A New Phase in the O’Brien Dynasty Begins

Joseph O'Brien's first day with a license is today

Joseph O’Brien’s first day with a license is today

Monday Musings

By Tony Stafford

While Minding was sweeping through the field to overcome trouble in running and adding the Investec Oaks to her 1,000 Guineas triumph for the Aidan O’Brien stable on Friday, three of his four children were back home in Ireland minding the shop.

Joseph, the eldest at 23, for some months the custodian of his maternal family farm at Piltown, spent Friday night over-seeing the O’Brien runners at Leopardstown, where they were rewarded with a five-timer to add to the spectacular Epsom Classic success.

Three of the five were partnered by Joseph’s 17-year-old brother Donnacha, already down to a 3lb claim less than a year into his riding career, and one other by younger sister Ana. Her taller sibling Sara, an amateur and second eldest took the rare chance with time off from veterinary college, to have a couple of days on the Downs.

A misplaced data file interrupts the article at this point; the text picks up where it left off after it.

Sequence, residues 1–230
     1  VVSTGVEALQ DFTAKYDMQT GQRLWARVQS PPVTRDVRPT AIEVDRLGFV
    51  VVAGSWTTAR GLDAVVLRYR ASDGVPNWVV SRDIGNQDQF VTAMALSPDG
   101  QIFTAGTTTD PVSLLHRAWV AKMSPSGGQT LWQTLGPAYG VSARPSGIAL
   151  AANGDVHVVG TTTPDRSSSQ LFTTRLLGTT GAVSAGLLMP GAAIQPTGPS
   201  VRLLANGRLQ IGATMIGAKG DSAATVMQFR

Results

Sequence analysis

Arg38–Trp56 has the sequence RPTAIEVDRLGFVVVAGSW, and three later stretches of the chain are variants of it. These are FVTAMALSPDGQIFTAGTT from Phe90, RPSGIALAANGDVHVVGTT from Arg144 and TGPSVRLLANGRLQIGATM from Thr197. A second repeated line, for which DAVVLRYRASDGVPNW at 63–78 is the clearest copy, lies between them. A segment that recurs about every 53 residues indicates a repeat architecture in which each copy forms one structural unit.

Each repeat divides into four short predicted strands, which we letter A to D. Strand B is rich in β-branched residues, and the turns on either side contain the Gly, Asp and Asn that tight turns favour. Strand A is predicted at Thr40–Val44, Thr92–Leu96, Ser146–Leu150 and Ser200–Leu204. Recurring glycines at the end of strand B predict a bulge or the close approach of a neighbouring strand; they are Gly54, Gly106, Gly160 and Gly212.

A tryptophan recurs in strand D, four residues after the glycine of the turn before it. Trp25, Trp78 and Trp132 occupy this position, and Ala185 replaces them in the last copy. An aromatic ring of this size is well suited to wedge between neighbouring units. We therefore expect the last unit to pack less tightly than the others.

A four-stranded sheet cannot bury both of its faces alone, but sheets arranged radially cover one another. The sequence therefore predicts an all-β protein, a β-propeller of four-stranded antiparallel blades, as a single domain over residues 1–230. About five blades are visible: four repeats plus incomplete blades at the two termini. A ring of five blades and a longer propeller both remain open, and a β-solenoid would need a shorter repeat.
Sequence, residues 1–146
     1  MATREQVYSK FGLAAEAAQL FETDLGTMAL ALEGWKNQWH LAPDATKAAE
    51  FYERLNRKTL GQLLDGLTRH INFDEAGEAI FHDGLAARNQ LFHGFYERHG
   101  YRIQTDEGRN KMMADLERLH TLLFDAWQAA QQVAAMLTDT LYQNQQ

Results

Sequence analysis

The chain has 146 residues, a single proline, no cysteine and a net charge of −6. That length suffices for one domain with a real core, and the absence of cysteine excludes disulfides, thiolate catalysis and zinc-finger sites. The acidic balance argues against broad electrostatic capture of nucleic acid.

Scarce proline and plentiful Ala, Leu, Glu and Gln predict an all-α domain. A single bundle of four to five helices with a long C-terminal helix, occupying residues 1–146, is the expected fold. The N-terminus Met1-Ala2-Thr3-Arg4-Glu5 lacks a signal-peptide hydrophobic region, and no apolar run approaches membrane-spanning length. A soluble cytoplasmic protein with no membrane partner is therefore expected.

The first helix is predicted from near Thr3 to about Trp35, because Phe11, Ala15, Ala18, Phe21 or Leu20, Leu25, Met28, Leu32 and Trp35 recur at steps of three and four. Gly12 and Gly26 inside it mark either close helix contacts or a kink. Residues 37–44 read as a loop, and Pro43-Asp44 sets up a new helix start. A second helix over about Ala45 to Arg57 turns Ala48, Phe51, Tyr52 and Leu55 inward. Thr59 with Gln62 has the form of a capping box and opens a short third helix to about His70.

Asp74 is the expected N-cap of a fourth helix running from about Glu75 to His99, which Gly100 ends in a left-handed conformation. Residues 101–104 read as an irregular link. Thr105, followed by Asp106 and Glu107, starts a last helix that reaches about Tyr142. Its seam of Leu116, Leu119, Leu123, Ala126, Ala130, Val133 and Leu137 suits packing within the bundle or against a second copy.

Ana was left alone on Saturday back home with mum riding on a less successful day for the team – if you could say second and third in the Derby and runner-up (to a star like Postponed) in the Coronation Cup was disappointing? Donnacha had a first Derby (ride) unplaced, while Joseph, resplendent in top hat and tails, escorted the elder sister for the day.

Of course, this was the day before the day before the storm, with O’Brien junior finally getting his own name alongside the horses in his care, around 30 minutes’ drive from Ballydoyle.